No land grant for Henry in Prince Edward County has been discovered. We
do know that Henry served in what was called the "Indian Militia"
in 1754 (24). On 17 September, 1758 Henry was paid 5 shillings for furnishing
provisions for the militia, and was still on the military roster at that
time. (25) This was the era of the French and Indian Wars, and lands were
sometimes granted for military service. The government had no money to
pay the militia, and in fact, many men refused to serve. The Indians were
such a peril that men would not leave their families unprotected to join
the militia. (26) The only recompense that could be offered militia men
was land. A record of such a grant may exist, but the
author has not found it. Land patents were being given by King George
II of England in Prince Edward County in 1745 and 1763. (27) But there
is little reason to suppose that Dickensons would receive land from such
a source. They were already an "old family in the colonies,"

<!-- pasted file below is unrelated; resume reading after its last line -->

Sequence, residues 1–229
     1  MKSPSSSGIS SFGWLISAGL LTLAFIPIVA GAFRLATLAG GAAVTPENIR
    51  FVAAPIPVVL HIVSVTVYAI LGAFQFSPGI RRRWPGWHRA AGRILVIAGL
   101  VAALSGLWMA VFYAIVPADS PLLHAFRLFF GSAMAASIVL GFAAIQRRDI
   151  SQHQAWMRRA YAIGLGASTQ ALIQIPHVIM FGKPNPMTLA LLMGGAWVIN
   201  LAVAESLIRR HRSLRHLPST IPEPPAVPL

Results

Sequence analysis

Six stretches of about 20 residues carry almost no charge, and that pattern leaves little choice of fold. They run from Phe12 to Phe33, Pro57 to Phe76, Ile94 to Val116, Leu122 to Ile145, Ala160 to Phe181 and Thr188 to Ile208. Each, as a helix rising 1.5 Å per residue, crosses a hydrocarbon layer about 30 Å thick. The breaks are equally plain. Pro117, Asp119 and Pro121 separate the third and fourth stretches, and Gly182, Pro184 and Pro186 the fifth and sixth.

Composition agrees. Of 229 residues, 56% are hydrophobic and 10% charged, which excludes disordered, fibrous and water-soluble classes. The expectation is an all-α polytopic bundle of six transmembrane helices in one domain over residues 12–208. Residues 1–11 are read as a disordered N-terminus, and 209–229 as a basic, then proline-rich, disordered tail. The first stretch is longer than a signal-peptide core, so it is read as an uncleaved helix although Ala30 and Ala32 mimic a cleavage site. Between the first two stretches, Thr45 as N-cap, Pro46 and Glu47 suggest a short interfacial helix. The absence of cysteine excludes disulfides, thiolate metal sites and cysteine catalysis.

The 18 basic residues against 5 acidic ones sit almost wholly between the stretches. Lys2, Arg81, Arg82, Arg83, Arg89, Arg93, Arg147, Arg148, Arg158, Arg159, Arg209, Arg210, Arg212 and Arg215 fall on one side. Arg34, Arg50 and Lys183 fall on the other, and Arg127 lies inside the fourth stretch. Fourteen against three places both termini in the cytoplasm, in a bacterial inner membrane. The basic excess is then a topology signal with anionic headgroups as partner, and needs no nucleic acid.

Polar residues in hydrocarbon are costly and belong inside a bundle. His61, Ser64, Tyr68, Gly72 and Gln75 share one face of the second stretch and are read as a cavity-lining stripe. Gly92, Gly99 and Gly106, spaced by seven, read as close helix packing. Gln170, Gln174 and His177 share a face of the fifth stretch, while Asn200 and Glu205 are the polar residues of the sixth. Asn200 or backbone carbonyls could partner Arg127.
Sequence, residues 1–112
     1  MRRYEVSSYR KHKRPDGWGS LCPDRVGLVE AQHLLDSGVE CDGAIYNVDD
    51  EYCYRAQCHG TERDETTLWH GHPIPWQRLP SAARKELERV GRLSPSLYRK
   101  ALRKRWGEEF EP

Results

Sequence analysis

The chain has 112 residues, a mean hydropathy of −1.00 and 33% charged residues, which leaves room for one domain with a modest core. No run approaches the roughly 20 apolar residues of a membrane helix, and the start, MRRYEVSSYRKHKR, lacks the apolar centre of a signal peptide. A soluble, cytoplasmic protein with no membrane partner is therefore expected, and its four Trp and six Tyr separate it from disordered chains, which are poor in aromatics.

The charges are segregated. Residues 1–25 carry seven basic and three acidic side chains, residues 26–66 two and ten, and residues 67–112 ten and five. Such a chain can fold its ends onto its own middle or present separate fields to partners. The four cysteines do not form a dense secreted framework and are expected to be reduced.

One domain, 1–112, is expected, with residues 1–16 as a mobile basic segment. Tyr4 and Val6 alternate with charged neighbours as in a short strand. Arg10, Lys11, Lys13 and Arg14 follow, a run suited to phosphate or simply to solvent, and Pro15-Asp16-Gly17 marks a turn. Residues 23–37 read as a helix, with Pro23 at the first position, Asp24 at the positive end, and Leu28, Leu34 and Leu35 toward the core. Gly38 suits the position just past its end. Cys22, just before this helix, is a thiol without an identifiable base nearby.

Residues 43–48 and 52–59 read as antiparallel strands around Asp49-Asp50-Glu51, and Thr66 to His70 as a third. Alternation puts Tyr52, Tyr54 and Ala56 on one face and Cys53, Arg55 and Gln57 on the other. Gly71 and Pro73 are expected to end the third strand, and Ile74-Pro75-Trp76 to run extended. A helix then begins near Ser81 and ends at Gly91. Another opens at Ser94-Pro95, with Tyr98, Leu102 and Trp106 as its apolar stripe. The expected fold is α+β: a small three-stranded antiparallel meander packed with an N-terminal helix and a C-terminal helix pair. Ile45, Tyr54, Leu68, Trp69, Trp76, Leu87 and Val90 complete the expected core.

and not likely to come under the notice of the King of England.
In searching the deeds of Prince Edward County, the first entry concerning
Henry Dickenson was on 18 July, 1774, at which time he deeded 133 acres
of land on the Sandy River to his son William. (Bounded on one side by
land of Archelaus Dickenson). (28) On the same day, Henry sold John Maddox
150 acres on a fork of the Sandy River (on Owens and Womack's line). (29)
In other words, Henry is selling land, and has seemingly
already given land to Archelaus, though we have not learned how or where
or when he got the land. However, some of the early records of Prince
Edward County were destroyed in the War between the States. We do not
know whether Henry removed his family before or after the sale of the
Louisa property, which makes it problematical where James was born.
We can deduce that Henry sent some of his children to school in Louisa
County. We find from the records that one Philip Cosby taught a private